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Connecting the Simulation Theory and Transcension Theory

Are there plenty of aliens at the bottom?

By Matt SwaynePublished 7 years ago 4 min read

As scientists gather more evidence, the idea that we are living in a simulation is beginning to look less like a fringe theory among sci-fi nerds and more like a legitimate explanation for the universe. The simulation theory, however, might end up connecting yet another fringe theory that attempts to explain the seeming silence of the universe -- a silence generally referred to as Fermi’s Paradox.

The Simulation Theory is ancient. Plato -- and his chained cave-dwelling slaves -- was an early advocate, but it recently gained modern academic footing when Nick Bostrom, a University of Oxford philosopher, published the paper “Are You Living in a Computer Simulation.”

Bostrom says that either no human-level civilizations make it to the posthuman stage because they blow themselves up, or if they do hit posthuman, they decide they don’t want to build high-fidelity simulations. But there’s another posthuman postulate: It could be that once a civilization hits posthuman stage, they do build high fidelity simulations and -- with a slight logical step -- there’s a good chance that we are in that type of simulation. Bostrom strongly suggests the last proposition is the strongest of the three.

According to Bostrom, the odds are -- nonacademically put -- pretty dang good that you do live in a computer simulation.

A Big, Small Deal

John Smart, another philosopher, wasn’t really attempting to find out if the universe is a simulation, he was trying to find out why we live in such a goddamn quiet simulation when he hit upon the Transcension hypothesis as a possible answer to Fermi’s Paradox.

In 1950, Enrico Fermi was on his way to lunch with a bunch of physicist friends at the Los Alamos National Laboratory. As we all know, physicists have an incredible sense of humor, so this group began to joke about a recent wave of UFO sightings and a newspaper comic blaming missing municipal trash can lids on aliens. Later Fermi goes all buzzkill on the subject and asks about the existence of aliens, “Well, where are they? Where is everybody?”

Fermi argues, if the universe is crammed with 70 sextillion -- a precise mathematical term for a shit-ton -- stars in the universe and exponential shit-ton number of planets among those solar systems and there happens to be life on this one, then shouldn’t the universe be up to its astronomics in alien civilizations.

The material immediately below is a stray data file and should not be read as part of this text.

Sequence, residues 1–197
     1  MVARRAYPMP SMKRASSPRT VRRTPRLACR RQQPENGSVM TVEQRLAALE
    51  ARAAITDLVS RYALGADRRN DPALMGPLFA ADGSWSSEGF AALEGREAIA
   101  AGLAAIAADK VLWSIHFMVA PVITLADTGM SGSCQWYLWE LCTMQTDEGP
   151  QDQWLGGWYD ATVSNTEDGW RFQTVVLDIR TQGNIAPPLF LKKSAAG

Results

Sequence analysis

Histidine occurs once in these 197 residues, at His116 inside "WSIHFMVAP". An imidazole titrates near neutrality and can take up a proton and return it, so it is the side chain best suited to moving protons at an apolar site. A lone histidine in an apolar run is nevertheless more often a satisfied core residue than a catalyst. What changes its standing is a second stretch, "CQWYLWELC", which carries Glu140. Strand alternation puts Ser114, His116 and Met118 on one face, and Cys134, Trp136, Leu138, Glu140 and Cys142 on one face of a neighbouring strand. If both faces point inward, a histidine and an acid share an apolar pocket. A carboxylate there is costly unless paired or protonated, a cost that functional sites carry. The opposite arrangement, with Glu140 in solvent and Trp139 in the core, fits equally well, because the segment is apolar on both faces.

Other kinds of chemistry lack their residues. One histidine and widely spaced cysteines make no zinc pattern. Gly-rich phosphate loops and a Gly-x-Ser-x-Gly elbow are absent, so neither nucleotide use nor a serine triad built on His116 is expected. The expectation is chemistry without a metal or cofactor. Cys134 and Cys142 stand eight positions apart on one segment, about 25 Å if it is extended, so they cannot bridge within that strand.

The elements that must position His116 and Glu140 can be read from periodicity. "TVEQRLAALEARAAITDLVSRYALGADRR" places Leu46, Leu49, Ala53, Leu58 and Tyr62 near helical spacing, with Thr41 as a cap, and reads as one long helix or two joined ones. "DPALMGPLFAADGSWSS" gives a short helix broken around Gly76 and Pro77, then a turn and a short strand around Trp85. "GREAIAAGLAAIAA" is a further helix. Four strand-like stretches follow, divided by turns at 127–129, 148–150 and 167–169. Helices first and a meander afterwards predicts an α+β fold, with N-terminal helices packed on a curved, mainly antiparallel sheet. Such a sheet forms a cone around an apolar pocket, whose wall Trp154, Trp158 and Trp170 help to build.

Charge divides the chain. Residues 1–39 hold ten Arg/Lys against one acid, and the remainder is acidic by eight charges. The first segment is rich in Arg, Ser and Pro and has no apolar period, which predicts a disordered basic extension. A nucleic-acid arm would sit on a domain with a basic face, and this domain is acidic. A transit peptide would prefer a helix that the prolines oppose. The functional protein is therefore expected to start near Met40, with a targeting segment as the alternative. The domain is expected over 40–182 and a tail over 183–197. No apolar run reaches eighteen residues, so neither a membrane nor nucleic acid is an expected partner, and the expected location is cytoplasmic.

When everyone stopped laughing, they realized, hey, maybe Enrico’s got a point.

A lot of people rose to Fermi’s challenge. One depressing answer is that we are alone. Another suggestion is the spooky -- depending on what side of the probe you are on -- answer that they visit us all the time in their UFOs, we just can’t see them, or admit that we can see them. The Zoo hypothesis is that idea that aliens know we are here, but have agreed not to interfere with our progress, or -- if you watched the Kardashians anytime recently -- our lack of progress.

Smart, however, puts forward one other reason for Fermi’s Paradox -- and it’s connected to the Simulation theory. Alien civilizations aren't here because instead of going outside to explore, they go inside.

“If the transcension hypothesis is correct, inner space, not outer space, is the final frontier for universal intelligence,” says Smart. “Our destiny is density.”

Physicist Richard Feynman explored this, too, in his famous lecture, "There’s Plenty of Room at the Bottom."

“But there is plenty of room to make them smaller,” Feynman said. “There is nothing that I can see in the physical laws that says the computer elements cannot be made enormously smaller than they are now. In fact, there may be certain advantages.”

To blend the simulation and transcension theories, we need to take one more step. We can imagine that aliens who begin to explore the very small, begin to experiment in this inner space. What would they do? Likely, the aliens would create virtual spaces and virtual worlds, or, in effect, simulations. Most believers in suggest our primitive attempts at virtual reality show the plausibility of this idea. Developers have recently created systems that can generate trillions of realistic virtual worlds -- and we are just at the beginning stages of this technology that will eventually lead to completely immersive realities where “real,” augmented, and virtual seamlessly blend together.

And that just opens more questions: Could our universe be -- merely -- one of those simulations and, once recognized and once mastered, lead to more simulations? Are we folded into one of those virtual spaces in some sort of fractal cosmic onion? And let’s toss one more controversial theory into the mix -- Is the Technological Singularity hypothesis made famous by philosophers such as philosophers and scientists like John von Neumann, Ray Kurzweil and Vernor Vinge serve as a bridge between the two? In other words, does our increasing power to master technology inevitably lead to smaller, more powerful technology that creates wilder, more expansive simulations?

artificial intelligenceextraterrestrialhumanityscience fictiontechfact or fiction

About the Creator

Matt Swayne

I'm a science and research writer with an interest in future and fringe technologies.

Reformed journalist and marketer.

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